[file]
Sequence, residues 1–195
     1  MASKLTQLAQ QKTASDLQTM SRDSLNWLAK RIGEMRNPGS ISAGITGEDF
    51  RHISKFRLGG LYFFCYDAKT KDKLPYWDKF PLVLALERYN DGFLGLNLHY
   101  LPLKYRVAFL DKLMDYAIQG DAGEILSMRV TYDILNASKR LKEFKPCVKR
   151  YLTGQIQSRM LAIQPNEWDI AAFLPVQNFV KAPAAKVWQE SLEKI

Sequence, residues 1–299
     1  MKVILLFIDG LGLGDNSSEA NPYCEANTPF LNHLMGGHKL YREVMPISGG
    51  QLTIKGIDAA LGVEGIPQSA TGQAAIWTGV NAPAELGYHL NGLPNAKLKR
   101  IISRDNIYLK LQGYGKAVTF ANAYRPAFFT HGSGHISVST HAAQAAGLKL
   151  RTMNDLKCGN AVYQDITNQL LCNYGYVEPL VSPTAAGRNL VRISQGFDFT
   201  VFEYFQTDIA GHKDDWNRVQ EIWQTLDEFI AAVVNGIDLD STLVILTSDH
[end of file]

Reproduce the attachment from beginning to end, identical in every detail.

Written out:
Sequence, residues 1–195
     1  MASKLTQLAQ QKTASDLQTM SRDSLNWLAK RIGEMRNPGS ISAGITGEDF
    51  RHISKFRLGG LYFFCYDAKT KDKLPYWDKF PLVLALERYN DGFLGLNLHY
   101  LPLKYRVAFL DKLMDYAIQG DAGEILSMRV TYDILNASKR LKEFKPCVKR
   151  YLTGQIQSRM LAIQPNEWDI AAFLPVQNFV KAPAAKVWQE SLEKI

Sequence, residues 1–299
     1  MKVILLFIDG LGLGDNSSEA NPYCEANTPF LNHLMGGHKL YREVMPISGG
    51  QLTIKGIDAA LGVEGIPQSA TGQAAIWTGV NAPAELGYHL NGLPNAKLKR
   101  IISRDNIYLK LQGYGKAVTF ANAYRPAFFT HGSGHISVST HAAQAAGLKL
   151  RTMNDLKCGN AVYQDITNQL LCNYGYVEPL VSPTAAGRNL VRISQGFDFT
   201  VFEYFQTDIA GHKDDWNRVQ EIWQTLDEFI AAVVNGIDLD STLVILTSDH